1.25 million euro for thermoacoustic imaging project

    Left image: Cross section of a mouse taken with the NRT tomography. The image on the right was generated with a conventional imaging method and shows the same region. Image: V. Ntziachristos/TUM

    The German Research Foundation (DFG) has singled out TUM’s Prof. Vasilis Ntziachristos for Reinhart Koselleck Project funding. Over the next five years, he will receive 1.25 million euro to develop a novel high-resolution imaging technique. The new method is based on the previously little-explored area of near-field thermoacoustic tomography. The DFG reserves Reinhart Koselleck funding for outstanding researchers with a proven scientific track record to pursue exceptionally innovative or higher-risk projects.

  • Soccer champions playing the stock exchange

    How a team's performance influences its share price

    Über einen Sieg freuen sich nicht nur die Fans, sondern auch die Aktionäre - besonders, wenn ihr Verein auswärts gewinnt. Image: creativedoxfoto/ fotolia.com

    Borussia Dortmund (BVB), which finished on top of the Bundesliga championship table the last seasons, can claim another distinction dating back ten years: It was the first and remains the only German soccer club to be traded publicly on the stock exchange. Together with 20 other European football clubs the BVB is listed on the Stoxx Europe Football Index. But what influences the value of football shares? A research project at the Technische Universität München (TUM) examined the ups and downs of BVB’s share price and how much it depended on match results.

  • Chemistry at TU München moves up to 12th place worldwide

    Shanghai Ranking again taps TUM as Germany's top university

    TUM was ranked fourth-best among all technical universities in Europe. (Photo: Heddergott / TUM)

    The Technische Universität München has once again been ranked as the best German university in the latest Academic Ranking of World Universities (Shanghai Ranking). It came in at 53rd place worldwide and held its position above all other universities in Germany, including the so-called "full universities." In rankings by individual subjects, TUM placed 12th worldwide in chemistry and was unchallenged nationally in computer science. In comparisons of broader disciplinary areas, TUM was tops nationwide in natural sciences / mathematics, engineering sciences, and life sciences.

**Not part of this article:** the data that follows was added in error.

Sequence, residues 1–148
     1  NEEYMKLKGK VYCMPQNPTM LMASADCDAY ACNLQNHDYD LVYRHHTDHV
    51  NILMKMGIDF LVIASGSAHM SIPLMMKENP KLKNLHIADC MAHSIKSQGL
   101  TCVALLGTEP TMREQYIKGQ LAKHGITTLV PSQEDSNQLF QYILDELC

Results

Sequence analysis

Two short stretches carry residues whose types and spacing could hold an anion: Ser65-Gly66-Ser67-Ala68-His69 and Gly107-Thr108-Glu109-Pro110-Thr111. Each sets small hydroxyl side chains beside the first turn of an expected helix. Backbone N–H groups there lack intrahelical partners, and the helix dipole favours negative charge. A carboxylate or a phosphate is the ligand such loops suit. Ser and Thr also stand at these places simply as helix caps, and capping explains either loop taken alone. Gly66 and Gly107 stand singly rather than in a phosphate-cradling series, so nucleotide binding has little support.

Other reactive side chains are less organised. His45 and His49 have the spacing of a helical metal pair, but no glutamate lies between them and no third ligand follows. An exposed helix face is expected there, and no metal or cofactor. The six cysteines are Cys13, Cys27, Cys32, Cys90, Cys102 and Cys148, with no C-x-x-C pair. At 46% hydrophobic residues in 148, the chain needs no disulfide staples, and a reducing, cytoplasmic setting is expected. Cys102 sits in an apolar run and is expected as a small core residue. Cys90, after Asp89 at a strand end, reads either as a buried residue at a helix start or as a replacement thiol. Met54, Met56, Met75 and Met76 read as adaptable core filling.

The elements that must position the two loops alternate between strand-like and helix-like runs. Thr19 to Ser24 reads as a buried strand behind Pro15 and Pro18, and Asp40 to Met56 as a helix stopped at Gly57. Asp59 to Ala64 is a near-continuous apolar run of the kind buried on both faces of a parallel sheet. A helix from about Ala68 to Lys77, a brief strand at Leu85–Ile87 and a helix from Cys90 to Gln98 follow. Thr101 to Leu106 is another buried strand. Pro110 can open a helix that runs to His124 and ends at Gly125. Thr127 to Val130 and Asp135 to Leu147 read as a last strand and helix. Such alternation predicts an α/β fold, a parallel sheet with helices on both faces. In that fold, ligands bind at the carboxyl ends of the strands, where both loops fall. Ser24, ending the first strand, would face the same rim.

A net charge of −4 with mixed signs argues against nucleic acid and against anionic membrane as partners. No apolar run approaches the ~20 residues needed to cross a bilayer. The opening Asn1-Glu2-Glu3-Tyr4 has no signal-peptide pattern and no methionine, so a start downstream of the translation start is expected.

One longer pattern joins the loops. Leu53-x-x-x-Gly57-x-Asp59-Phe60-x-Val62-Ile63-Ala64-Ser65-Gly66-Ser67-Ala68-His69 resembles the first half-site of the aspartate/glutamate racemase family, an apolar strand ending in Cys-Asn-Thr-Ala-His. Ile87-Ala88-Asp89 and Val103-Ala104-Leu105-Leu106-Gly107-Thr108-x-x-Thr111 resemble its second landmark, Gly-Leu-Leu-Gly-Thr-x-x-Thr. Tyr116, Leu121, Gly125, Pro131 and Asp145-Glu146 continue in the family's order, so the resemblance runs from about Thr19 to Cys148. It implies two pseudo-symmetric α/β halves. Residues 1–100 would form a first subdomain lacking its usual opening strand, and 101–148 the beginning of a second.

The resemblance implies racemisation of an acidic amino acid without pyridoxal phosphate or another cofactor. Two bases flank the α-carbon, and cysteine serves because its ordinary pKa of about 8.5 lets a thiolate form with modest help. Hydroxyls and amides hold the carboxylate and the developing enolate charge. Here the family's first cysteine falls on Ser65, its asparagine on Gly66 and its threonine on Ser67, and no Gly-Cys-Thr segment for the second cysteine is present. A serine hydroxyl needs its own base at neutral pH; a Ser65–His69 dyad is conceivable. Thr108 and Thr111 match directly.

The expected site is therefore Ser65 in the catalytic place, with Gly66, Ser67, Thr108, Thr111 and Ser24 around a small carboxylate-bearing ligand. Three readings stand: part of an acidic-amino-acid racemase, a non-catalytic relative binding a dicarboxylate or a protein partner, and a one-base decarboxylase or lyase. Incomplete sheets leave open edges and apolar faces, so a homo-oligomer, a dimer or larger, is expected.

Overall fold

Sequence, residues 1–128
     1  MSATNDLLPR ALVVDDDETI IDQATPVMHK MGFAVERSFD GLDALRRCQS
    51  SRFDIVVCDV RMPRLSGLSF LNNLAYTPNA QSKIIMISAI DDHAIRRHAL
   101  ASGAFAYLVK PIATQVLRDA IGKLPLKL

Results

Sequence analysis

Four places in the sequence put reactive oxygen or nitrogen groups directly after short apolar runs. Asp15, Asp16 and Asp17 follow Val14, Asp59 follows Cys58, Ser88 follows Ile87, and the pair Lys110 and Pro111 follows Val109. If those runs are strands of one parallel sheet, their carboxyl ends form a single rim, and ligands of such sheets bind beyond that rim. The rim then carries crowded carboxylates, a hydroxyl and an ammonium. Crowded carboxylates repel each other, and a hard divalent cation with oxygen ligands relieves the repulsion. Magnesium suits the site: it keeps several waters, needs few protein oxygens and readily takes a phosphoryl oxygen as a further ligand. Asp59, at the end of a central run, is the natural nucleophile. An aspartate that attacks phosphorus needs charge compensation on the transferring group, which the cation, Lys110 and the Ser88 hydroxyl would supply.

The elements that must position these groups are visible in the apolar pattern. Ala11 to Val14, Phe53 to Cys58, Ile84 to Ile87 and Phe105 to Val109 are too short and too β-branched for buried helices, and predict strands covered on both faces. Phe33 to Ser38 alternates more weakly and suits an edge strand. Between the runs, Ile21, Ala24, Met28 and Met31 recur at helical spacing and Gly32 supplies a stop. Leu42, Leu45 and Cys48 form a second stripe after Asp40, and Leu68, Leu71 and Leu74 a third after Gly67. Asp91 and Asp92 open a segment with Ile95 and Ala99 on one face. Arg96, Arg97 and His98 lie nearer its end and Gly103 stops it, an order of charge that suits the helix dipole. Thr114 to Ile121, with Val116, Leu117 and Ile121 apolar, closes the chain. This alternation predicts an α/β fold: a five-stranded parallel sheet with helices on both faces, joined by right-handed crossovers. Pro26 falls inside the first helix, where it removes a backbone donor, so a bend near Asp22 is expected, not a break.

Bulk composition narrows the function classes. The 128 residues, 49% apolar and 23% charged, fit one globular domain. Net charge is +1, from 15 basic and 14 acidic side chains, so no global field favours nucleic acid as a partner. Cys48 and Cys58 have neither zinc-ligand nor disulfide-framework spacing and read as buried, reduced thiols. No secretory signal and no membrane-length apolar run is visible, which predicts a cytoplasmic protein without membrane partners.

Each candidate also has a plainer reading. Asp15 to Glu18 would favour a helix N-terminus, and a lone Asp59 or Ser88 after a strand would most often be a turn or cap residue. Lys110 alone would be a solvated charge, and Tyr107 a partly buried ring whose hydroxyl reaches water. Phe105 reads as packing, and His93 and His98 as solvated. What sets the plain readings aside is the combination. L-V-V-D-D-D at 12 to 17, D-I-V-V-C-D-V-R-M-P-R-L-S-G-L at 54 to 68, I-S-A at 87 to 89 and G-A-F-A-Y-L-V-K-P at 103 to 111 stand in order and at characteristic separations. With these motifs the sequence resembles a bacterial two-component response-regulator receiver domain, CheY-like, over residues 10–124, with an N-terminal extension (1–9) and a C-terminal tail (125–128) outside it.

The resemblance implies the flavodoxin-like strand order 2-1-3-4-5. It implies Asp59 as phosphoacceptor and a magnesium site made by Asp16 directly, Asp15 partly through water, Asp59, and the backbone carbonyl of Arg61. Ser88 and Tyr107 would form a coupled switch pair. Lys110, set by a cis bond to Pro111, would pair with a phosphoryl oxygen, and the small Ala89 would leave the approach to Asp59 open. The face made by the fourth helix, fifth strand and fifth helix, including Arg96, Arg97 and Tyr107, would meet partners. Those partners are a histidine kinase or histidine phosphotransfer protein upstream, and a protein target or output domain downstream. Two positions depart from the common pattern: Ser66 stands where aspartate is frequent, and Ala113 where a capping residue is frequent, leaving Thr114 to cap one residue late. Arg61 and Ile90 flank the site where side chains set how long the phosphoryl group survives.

• Ground-breaking change in Germany: TUM introduces international tenure-track system

    Real career opportunities for young researchers

    From Post Doc to Full Professor - TUM offers young researchers excellent career oppotunities. (Photo: Eckert / TUM)

    The Technische Universität München (TUM) has started a career system for young scientists that will serve as a forerunner in Germany. The TUM Faculty Tenure Track System offers outstanding talents early independence as assistant professors and clear prospects based on performance: If they meet demanding evaluation criteria, they advance after six years to the status of associate professor, which brings with it a permanent position at the W3 salary level.

  • Potential anti-AIDS drug compound shows enhanced activity

    Molecule against HIV – small change yields major effect

    Perfect Fit: The modified anti-HIV molecule (center) binds with higher affinity to the CXCR4 receptor on the surface of immune cells. Copyright: Wiley-VCH Verlag GmbH & Co. KGaA, reproduced with permission. A Conformationally Frozen Peptoid Boosts CXCR4 Affinity and Anti-HIV Activity, Kessler et al., Angewandte Chemie Int. Ed.  2012, 51, 8110-8113

    Researchers from Munich and Naples have shown that minimal modification of a synthetic peptide with anti-HIV activity results in a new compound with more than two orders of magnitude higher binding affinity to the chemokine receptor CXCR4 and greatly improved anti-HIV activity. This could be a step toward the design of new, more effective drugs against AIDS, inflammatory diseases, and some forms of cancer.

Contact

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Arcisstr. 21
D-80333 Munich
Tel. +49 89 289 22778
Fax +49 89 289 23388
presse@tum.de

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Further Information

Contact

Corporate Communications Center
Technical University of Munich
Arcisstr. 21
D-80333 Munich
Tel. +49 89 289 22778
Fax +49 89 289 23388
presse@tum.de

www.tum.de/presse